While cryptocurrencies like Bitcoin and Ethereum have enjoyed meteoric popularity over the past several months, there are still many potential investors who remain skeptical. And one of the reasons for this skepticism is the ongoing concern about cryptocurrency security. Now that a second major hack of Ethereum has taken place within the span of one week, those concerns may have more traction, although it certainly hasn't stopped many investors from shifting their attention to the digital money space.
Two High-Profile Hacks in Three Days
Ethereum suffered major losses because of two separate hacking incidents that occurred within three days of each other last week, according to a report by PC Gamer.
The second of the two robberies was the more substantial. It exploited a vulnerability in Parity, the digital wallet service popular among many Ethereum miners. Hackers stole about 153,000 Ether, the network's native currency, with a value of about $34 million. The hackers stole this sum from three different multi-signature Ethereum wallets.
Gavin Wood, founder of Parity, issued a critical security notice in response to the hacking event. "A vulnerability in Parity Wallet's variant of the standard multi-sig contract has been found," he explained.
Wood then urged all Parity users to "immediately move assets contained in the multi-sig wallet to a secure address." Simultaneously, hackers working to defend the network siphoned more than 377,000 additional Ether tokens to a safe space. The White Hat Group explained its actions in a post on Reddit, saying it would re-issue the funds back to owners once the vulnerability could be properly addressed.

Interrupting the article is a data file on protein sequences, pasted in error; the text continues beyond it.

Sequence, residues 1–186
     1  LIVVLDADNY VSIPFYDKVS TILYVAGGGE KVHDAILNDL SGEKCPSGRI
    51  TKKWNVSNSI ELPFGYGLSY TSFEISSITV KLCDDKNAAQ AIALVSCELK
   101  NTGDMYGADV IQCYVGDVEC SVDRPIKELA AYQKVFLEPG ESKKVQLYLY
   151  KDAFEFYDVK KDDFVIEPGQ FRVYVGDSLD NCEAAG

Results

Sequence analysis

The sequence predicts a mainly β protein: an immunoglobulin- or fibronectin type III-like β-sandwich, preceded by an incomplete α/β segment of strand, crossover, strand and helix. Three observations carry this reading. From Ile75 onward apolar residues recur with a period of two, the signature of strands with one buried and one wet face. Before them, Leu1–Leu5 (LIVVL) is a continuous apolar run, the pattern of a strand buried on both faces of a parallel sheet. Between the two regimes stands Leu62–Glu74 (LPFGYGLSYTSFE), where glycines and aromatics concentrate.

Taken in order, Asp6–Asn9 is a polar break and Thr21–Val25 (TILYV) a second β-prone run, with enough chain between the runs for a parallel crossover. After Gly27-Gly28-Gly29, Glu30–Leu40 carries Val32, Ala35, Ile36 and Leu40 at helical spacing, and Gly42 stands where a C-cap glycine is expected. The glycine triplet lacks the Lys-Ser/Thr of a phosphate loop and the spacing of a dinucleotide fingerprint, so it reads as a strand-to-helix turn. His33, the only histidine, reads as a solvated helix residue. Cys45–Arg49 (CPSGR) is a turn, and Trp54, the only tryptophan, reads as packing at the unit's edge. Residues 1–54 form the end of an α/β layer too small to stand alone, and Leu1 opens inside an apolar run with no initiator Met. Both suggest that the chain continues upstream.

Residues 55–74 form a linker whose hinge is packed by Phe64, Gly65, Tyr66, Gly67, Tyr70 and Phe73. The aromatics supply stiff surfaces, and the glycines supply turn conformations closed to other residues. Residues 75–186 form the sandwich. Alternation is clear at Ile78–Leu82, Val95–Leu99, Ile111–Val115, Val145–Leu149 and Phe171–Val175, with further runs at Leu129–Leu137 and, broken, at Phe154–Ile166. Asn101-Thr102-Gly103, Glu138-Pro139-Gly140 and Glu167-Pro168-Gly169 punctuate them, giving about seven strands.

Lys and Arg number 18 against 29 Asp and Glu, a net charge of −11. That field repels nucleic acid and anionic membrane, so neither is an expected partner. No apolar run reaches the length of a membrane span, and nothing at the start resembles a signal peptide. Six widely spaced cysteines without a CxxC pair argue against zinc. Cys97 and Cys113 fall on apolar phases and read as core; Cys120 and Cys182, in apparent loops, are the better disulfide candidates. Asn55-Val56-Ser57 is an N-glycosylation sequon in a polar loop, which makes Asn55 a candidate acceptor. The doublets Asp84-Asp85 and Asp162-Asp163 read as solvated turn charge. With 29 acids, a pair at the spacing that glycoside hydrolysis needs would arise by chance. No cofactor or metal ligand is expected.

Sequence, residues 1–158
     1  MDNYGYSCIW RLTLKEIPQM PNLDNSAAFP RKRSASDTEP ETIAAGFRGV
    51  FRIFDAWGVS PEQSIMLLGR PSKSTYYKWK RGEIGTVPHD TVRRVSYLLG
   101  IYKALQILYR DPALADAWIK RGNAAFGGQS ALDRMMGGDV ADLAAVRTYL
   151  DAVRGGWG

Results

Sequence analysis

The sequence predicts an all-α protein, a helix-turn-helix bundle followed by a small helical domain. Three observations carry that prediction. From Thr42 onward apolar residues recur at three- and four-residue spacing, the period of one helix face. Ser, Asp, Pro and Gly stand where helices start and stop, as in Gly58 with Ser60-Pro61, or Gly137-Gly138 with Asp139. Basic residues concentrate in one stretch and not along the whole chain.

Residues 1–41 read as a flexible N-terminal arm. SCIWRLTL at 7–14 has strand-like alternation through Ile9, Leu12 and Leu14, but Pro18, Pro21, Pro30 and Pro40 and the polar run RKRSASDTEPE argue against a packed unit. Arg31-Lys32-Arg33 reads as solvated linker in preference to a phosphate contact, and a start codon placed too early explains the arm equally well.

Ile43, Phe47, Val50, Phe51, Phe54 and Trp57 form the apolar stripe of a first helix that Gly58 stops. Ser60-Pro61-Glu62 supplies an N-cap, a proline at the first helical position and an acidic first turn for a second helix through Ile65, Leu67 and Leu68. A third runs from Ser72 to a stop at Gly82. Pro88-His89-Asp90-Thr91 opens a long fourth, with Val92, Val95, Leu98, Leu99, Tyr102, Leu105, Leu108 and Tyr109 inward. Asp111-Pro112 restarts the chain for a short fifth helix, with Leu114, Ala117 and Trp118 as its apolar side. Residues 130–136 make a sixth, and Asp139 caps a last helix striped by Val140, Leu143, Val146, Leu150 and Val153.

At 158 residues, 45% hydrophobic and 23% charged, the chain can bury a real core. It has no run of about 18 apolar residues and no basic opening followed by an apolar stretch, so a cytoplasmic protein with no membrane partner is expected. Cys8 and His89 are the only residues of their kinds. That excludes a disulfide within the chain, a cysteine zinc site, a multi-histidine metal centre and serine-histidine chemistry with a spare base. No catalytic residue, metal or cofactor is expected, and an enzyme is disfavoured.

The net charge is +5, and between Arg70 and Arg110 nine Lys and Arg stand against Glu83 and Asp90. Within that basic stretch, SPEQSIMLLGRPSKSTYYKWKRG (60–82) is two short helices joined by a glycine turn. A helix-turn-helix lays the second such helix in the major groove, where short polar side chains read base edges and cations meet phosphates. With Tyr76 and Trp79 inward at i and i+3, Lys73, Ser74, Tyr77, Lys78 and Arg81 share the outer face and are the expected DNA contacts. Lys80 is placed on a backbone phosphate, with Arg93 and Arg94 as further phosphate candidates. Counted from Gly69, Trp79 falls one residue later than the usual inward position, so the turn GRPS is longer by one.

CoinDash Exposes Another Entry Point for Hackers
The other hacking event, which occurred last week, exposes another point of concern with regard to crypto security. Hackers stole about $10.3 million in Ether from CoinDash, a popular exchange. In this case, the robbers may have simply replaced wallet addresses with a simple hack.
And yet, in spite of these and a number of other prominent thefts in recent months, cryptocurrencies seem to be showing no signs of slowing down in terms of growth.
The largest currencies, Bitcoin and Ethereum, have appreciated 178% and 2,569%, respectively, so far in 2017, and the overall user base of cryptocurrencies worldwide is expanding at a significant pace. It could be that the risk of hacking and theft is simply not great enough in the minds of potential investors to convince them to stay away from a potentially lucrative investment.
PC Gamer suggests that the downfall of cryptocurrencies, if there is one at any time in the future, would more likely be because of a drop in the values of those currencies than due to concerns over possible theft of assets. (See also: Criminals Are Too Stupid to Use Cryptocurrency: EU Report.)